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I want to start this series on my blog because not only do I want to keep you updated on how my second book is coming along, but I also want to share what I’m learning as I grow as an author.

Click here for original source

Click here for original source

Even though I self-published a book almost a year ago, I still feel like an apprentice. My first book may have an 3.36 rating on Goodreads (meaning 82% of those who rated it liked it), but I still feel like I know so little about telling a story. Maybe this my self-doubt as a writer coming in, which makes sense because I can demand far too much from myself.

As I write the sequel to The Dark Proposal, I am putting so much pressure on myself to make it better than it’s predecessor, and to improve on where I didn’t do so well the first time around. Unfortunately, I am trying too hard and I’m driving myself nuts along the way.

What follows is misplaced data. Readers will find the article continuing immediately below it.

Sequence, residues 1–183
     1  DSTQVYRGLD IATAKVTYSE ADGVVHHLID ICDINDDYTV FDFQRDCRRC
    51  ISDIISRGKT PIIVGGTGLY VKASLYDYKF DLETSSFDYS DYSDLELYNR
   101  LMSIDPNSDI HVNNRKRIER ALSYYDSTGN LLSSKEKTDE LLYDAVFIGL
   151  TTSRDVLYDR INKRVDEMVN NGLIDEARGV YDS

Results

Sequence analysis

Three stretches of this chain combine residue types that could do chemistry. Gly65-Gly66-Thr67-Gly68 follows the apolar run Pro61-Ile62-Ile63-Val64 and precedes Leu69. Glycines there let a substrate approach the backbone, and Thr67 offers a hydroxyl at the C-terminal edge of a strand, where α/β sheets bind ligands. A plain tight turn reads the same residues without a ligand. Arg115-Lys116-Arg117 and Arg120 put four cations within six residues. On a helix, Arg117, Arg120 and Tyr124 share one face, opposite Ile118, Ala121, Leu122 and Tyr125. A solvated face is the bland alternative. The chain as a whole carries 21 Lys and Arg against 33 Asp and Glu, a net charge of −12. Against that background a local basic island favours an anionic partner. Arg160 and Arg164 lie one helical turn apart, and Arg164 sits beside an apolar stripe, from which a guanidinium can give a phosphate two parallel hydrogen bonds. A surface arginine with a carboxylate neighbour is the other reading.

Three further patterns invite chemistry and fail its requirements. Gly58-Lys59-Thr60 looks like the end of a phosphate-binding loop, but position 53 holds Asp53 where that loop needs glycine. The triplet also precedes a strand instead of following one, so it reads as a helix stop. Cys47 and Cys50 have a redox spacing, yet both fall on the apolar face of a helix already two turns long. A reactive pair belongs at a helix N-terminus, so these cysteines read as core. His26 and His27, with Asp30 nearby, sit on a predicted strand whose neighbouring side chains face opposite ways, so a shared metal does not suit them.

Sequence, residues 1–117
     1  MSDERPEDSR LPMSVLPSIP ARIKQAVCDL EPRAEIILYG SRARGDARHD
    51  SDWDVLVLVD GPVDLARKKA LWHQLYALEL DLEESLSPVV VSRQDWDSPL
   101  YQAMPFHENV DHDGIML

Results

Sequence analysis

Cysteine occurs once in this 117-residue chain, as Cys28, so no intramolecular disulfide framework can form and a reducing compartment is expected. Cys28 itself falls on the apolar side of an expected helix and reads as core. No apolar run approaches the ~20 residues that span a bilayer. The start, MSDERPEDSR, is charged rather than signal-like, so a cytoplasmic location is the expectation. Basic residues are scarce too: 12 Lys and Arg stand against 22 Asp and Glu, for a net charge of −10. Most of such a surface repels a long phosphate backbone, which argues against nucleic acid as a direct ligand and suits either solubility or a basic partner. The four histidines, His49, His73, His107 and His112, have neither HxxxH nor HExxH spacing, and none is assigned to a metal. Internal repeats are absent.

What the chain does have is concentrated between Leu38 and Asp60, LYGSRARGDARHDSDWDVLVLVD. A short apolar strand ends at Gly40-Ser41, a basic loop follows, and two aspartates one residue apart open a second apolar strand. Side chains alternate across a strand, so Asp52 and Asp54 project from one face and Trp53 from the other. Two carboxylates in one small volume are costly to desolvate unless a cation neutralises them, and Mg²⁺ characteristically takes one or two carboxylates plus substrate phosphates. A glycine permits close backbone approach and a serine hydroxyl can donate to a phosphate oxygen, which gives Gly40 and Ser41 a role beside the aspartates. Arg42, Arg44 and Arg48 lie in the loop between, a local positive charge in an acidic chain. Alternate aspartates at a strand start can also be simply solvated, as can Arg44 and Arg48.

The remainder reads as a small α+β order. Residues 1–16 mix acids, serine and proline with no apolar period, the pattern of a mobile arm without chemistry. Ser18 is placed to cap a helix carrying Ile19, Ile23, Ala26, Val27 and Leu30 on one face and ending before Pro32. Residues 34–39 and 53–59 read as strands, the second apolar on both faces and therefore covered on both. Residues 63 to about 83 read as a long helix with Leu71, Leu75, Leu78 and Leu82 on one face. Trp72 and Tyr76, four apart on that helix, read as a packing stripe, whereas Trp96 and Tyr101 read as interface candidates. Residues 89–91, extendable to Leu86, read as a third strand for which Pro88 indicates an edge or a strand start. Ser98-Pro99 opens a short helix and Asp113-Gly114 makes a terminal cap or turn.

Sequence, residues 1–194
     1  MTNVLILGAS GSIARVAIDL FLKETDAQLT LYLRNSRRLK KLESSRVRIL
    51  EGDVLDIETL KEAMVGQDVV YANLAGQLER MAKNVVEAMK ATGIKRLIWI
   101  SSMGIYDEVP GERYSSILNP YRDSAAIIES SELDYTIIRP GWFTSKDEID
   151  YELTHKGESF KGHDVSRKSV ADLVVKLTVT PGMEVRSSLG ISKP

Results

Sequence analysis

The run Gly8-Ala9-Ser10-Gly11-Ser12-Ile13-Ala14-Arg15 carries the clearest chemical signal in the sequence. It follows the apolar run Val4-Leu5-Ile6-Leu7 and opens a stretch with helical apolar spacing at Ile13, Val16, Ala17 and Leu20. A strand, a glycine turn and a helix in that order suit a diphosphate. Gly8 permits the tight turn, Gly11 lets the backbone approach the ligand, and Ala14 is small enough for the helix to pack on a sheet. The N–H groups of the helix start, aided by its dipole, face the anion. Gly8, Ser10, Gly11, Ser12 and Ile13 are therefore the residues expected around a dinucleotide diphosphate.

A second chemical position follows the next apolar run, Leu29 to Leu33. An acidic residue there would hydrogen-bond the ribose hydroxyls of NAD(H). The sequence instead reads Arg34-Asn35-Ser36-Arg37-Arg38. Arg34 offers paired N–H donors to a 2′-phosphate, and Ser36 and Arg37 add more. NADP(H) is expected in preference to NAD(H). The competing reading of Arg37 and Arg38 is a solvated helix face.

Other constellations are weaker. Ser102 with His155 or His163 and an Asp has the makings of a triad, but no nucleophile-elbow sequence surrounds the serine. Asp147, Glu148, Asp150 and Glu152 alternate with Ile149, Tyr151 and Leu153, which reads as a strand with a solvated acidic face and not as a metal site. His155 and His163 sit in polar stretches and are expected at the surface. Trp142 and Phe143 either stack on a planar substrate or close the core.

But I kind of had an epiphany last week when I read a blog by another author who talked about letting your characters do their thing. Reading that part made me realize that I was holding onto my characters – especially the main one – so tightly that they almost couldn’t breathe. As a result, they couldn’t develop well.

You have to let your characters be, that’s what I’m learning. Yeah, you may want them to do something or be a certain way, but you cannot force them. They may be fictitious people who only exist in your mind, but they do have their own lives. It’s about fear, and you have to let that fear go. Then your character may just surprise you.

So take it from me and don’t make yourself as upset as I have been getting: let your characters go. Let them breathe, let them fly. They will be OK and they will do well. And they will help you tell a great story too.

 

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